How to Combine Fast Heuristic Markov Chain Monte Carlo with Slow Exact Sampling

Abstract : Given a probability law $\pi$ on a set $S$ and a function $g : S \rightarrow R$, suppose one wants to estimate the mean $\bar{g} = \int g d\pi$. The Markov Chain Monte Carlo method consists of inventing and simulating a Markov chain with stationary distribution $\pi$. Typically one has no a priori bounds on the chain's mixing time, so even if simulations suggest rapid mixing one cannot infer rigorous confidence intervals for $\bar{g}$. But suppose there is also a separate method which (slowly) gives samples exactly from $\pi$. Using $n$ exact samples, one could immediately get a confidence interval of length $O(n^{-1/2})$. But one can do better. Use each exact sample as the initial state of a Markov chain, and run each of these $n$ chains for $m$ steps. We show how to construct confidence intervals which are always valid, and which, if the (unknown) relaxation time of the chain is sufficiently small relative to $m/n$, have length $O(\log n/n) with high probability.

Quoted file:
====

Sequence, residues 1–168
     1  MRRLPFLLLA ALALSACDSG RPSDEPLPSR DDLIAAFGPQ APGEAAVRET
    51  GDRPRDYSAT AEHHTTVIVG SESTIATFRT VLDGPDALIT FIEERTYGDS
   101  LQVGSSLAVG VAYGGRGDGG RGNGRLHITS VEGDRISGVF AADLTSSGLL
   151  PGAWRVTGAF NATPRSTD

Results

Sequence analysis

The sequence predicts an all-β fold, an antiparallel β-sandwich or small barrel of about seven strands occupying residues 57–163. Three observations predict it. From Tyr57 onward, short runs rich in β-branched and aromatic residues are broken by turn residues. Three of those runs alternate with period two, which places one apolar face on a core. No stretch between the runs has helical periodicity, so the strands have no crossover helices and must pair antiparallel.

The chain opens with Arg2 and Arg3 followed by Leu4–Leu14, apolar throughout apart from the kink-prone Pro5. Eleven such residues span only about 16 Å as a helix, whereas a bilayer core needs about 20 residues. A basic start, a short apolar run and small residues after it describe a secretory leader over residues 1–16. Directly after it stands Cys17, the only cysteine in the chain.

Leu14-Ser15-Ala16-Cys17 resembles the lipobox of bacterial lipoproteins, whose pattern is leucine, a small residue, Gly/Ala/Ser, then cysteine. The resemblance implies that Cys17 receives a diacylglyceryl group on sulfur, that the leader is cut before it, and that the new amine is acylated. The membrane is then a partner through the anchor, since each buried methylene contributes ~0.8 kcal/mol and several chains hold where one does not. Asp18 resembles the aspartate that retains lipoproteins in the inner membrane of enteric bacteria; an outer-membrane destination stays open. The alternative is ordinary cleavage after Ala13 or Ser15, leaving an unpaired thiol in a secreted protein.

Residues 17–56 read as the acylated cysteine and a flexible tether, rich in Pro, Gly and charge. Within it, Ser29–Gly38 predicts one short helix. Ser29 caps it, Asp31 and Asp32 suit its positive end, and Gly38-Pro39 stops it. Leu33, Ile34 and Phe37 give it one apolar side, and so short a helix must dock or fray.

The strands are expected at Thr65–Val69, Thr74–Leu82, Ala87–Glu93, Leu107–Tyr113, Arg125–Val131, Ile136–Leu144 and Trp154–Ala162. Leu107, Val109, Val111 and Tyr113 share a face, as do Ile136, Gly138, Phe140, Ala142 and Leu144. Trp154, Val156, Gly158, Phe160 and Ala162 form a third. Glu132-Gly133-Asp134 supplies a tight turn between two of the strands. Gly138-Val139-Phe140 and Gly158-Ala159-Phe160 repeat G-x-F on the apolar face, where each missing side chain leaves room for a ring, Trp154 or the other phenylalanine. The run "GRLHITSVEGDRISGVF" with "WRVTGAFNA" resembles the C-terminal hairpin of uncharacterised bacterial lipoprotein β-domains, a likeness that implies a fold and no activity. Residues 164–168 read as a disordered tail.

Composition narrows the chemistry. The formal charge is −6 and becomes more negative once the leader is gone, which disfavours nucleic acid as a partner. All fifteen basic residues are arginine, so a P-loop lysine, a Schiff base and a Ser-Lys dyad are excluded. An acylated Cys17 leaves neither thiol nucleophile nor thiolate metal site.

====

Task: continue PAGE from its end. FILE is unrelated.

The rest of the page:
[Joint work with David J. Aldous]